Those are exactly the way you want dividend charts to flow: Up and to the right, with no exceptions.

The increases keep marching up straight through recessions (the last recession is shown by the shaded band at the left) and other difficult events.

The 5-Year Rule is not foolproof. Nothing in investing is guaranteed, and no one can predict the future. As we learned in Lesson 1, dividends are discretionary. A company can freeze, cut, or eliminate its dividend no matter how long it has been paying one.

For example, several “Too Big to Fail” banks cut their dividends during the 2007-2009 financial crisis despite lengthy increase streaks. So I recommend further analysis beyond the 5-Year Rule, to buttress the case that a dividend is probably safe.

A company may cut or freeze its dividend not only during times of general economic stress, but also because of specific difficulties that impact only itself or its industry. For example, during the oil price drops a few years ago, Chevron (CVX) froze its dividend for almost 2 years until the price of oil recovered. The frozen period is circled below.

But as a company, Chevron was committed to increasing its dividend over the long term. So it made a tiny increase at the end of 2016, then in early in 2018 made a more substantial increase that (hopefully) signals the beginning of many annual increases to come.

To my way of thinking, a company that cuts its dividend has broken a link in a chain. Perhaps it becomes easier to break that link again for lesser reasons next time. I want companies that are clearly devoted to keeping their dividend growth streaks alive and have the financial strength to do so.

The 5-Year Rule helps me identify stocks that are likely to keep increasing their dividends. In most cases, longer streaks are even better. Some investors demand 10 years, or even 20 or 25. Again, however, nothing that has happened in the past guarantees the future.

Key Takeaways from This Lesson:

1. The 5-year Rule is an investing guideline that a company must have raised its dividend for at least 5 consecutive years before a dividend growth investor considers it probable that it will continue to do so.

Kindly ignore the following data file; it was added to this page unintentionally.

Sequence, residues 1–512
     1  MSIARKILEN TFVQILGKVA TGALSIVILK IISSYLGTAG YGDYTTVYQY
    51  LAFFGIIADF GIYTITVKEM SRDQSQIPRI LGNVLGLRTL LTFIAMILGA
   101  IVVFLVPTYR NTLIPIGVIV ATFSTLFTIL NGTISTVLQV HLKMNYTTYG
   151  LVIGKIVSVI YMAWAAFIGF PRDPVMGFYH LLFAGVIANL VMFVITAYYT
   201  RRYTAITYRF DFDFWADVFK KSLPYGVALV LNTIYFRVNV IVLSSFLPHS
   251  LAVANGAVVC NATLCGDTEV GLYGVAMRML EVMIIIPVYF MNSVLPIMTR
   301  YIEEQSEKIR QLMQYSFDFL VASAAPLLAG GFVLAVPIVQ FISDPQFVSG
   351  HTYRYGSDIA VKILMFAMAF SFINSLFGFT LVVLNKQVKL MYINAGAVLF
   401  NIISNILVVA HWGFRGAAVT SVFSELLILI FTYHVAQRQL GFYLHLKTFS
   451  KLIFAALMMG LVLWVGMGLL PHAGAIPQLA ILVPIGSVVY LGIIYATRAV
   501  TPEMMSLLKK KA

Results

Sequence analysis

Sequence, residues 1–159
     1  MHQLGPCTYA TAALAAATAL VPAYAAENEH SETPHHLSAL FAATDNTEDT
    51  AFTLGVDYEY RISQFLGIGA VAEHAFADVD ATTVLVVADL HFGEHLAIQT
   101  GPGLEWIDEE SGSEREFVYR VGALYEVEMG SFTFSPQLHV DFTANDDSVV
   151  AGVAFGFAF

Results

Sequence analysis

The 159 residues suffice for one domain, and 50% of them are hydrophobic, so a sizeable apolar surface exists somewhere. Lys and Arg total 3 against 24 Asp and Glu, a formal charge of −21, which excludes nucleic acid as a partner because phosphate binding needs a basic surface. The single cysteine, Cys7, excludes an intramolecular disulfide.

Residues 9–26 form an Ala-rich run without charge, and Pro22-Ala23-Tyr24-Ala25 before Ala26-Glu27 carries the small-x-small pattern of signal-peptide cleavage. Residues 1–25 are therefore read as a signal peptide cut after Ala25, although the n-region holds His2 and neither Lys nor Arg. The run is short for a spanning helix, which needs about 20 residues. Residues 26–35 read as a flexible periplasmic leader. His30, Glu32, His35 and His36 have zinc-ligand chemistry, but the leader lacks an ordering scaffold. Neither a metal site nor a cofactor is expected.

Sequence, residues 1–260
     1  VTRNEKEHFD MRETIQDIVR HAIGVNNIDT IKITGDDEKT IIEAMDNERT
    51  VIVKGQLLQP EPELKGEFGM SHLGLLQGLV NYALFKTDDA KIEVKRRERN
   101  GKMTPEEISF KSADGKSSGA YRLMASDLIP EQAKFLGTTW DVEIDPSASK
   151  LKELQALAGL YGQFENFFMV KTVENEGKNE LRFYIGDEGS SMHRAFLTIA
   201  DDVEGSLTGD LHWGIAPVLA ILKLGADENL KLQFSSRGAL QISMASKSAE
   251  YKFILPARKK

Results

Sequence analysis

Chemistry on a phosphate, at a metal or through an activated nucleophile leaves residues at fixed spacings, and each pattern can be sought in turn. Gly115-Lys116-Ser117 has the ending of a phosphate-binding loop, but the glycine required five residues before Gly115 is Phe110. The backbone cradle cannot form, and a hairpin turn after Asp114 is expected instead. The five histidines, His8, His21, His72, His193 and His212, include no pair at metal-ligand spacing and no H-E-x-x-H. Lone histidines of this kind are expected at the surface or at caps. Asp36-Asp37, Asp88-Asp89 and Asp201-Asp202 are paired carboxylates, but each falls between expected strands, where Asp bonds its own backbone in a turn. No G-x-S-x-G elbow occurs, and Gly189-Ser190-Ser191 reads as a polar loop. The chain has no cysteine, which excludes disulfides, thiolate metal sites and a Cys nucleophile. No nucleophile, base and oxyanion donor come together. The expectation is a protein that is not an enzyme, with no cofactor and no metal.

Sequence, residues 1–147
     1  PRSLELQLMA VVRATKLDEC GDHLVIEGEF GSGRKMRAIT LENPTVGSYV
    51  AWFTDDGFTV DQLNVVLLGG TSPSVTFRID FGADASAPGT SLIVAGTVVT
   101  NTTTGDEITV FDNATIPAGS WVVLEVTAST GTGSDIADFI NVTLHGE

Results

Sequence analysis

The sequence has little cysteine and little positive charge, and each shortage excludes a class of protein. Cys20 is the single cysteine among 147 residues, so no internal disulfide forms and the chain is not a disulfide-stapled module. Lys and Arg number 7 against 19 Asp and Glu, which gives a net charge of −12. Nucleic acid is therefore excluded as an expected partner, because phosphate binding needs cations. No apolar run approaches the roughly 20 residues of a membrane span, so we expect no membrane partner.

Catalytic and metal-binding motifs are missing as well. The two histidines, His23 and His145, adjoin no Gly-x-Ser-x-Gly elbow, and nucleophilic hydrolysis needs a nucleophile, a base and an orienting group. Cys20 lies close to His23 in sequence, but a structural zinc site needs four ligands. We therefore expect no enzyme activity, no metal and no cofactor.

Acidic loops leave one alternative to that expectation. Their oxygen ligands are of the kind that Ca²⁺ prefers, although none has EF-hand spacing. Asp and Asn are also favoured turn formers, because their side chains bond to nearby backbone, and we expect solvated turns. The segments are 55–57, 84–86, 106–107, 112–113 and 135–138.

2. A company’s existing dividend growth streak is a track record that gives insight into its ability and intention to continue raising the dividend each year.
3. The track record is not foolproof. No one knows the future, and even companies with long streaks sometimes freeze or cut their dividends.
4. For that reason, other due diligence is required to increase confidence. Many investors require longer streaks like 10 or even 25 years of consecutive annual increases.

— Dave Van Knapp

30 years ago, back when this Atlanta hardware store had only 4 locations, a clerk proposed a brilliant solution to the store’s biggest issue... not being able to project future sales and inventory needs. Within two years from that day, the store had opened 100 new locations. But the employee didn’t stop with predicting store demand, he used the same principles and applied it to the stock market. His now-proprietary system is called "The Money Calendar" and he uses it as part of his strategy to bring the best opportunities to average people. Based on 10 years of data, this strategy gives you the chance to circle a date on a calendar and know, with at least 90% certainty, you could cash in on that day. Click here for the full story on this strategy.